17 June 2019

Joint NATO PA / DCAF Study

Democratic and civilian oversight of the security sector is now a well-established principle in democracies. The security sector refers to all structures, institutions and personnel responsible for security provision, management and oversight at the national and local levels.

A range of state and non-state actors are involved in overseeing the security sector to ensure that security providers act in an accountable, transparent and effective manner within a framework of rule of law and respect for human rights. Among these, parliaments have a crucial role, having the ultimate ‘democratic legitimacy’ and the extensive oversight powers and competences that come with it. 

In order to carry out these functions effectively, parliamentarians should have access to all information necessary to fulfill their oversight duties. By way of example, without unhindered access to and review of the files, including classified information, held by intelligence services, parliamentarians would not be able to assess whether the services are acting in line with laws and government policies.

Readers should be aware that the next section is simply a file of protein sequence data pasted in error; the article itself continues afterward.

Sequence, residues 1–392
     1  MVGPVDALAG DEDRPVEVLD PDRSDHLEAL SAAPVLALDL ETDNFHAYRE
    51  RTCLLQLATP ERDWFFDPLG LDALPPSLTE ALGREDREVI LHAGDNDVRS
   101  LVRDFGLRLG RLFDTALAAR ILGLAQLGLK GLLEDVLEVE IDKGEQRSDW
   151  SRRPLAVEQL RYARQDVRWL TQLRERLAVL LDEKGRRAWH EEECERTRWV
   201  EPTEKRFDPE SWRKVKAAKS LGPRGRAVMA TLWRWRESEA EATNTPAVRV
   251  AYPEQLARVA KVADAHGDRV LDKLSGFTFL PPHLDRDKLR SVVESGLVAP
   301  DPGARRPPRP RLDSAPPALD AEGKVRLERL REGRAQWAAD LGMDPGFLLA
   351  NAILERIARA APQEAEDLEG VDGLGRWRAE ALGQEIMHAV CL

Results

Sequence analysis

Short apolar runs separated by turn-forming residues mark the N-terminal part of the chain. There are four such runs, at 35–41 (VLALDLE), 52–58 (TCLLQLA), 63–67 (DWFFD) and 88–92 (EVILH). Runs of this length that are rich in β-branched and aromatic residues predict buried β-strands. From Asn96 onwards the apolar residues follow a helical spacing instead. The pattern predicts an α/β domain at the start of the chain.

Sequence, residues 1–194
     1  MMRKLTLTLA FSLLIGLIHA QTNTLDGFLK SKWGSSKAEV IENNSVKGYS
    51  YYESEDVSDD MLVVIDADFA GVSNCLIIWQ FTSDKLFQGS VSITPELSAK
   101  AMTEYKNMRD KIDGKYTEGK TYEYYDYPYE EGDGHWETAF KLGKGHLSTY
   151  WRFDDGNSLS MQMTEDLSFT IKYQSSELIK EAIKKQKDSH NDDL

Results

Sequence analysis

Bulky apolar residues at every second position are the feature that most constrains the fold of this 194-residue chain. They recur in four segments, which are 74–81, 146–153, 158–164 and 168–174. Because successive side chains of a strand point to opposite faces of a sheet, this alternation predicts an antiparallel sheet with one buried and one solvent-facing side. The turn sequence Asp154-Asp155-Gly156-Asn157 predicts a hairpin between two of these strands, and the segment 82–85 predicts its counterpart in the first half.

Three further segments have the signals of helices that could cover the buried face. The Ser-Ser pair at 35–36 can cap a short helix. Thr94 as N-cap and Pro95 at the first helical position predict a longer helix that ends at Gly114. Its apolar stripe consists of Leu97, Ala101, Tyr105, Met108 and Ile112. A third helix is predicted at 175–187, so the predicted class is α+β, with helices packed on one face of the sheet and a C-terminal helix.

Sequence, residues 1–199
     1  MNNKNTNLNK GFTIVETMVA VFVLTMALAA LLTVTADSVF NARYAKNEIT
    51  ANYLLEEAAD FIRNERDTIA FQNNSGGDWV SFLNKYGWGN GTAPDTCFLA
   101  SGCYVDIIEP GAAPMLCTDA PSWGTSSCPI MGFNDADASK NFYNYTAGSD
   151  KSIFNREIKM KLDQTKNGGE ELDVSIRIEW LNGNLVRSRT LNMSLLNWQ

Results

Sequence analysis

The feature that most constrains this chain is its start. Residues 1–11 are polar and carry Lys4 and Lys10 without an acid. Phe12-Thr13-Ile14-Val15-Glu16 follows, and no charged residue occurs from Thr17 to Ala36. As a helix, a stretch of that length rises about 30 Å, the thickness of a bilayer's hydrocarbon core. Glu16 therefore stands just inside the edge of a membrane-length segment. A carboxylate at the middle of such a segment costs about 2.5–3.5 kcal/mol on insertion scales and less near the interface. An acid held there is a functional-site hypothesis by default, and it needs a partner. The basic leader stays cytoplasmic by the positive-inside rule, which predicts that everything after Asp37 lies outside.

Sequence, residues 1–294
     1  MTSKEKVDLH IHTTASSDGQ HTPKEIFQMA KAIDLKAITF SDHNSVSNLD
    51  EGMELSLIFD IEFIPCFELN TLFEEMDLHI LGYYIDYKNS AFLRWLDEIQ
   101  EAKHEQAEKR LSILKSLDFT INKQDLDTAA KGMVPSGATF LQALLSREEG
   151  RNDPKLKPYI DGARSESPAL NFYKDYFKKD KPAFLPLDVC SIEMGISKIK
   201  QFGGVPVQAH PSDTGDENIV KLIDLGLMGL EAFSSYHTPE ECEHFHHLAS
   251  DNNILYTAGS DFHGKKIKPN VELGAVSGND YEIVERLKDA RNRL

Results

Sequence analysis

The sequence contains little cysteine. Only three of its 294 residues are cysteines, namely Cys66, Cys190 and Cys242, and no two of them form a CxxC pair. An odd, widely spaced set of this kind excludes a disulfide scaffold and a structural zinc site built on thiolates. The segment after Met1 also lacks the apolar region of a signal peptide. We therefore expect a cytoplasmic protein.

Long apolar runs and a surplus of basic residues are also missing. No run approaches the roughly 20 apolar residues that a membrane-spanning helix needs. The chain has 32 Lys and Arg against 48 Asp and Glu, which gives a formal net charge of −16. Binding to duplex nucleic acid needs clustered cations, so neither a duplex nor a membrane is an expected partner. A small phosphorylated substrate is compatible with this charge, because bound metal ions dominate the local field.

This timely volume not only gives access to comparative data on parliamentary access to classified information, it is also a source of arguments for bringing one’s house in order and establishing proper parliamentary oversight in the realm of security and defence in newly democratic states.

Read the full study by downloading the document below (English and Georgian versions)

Read also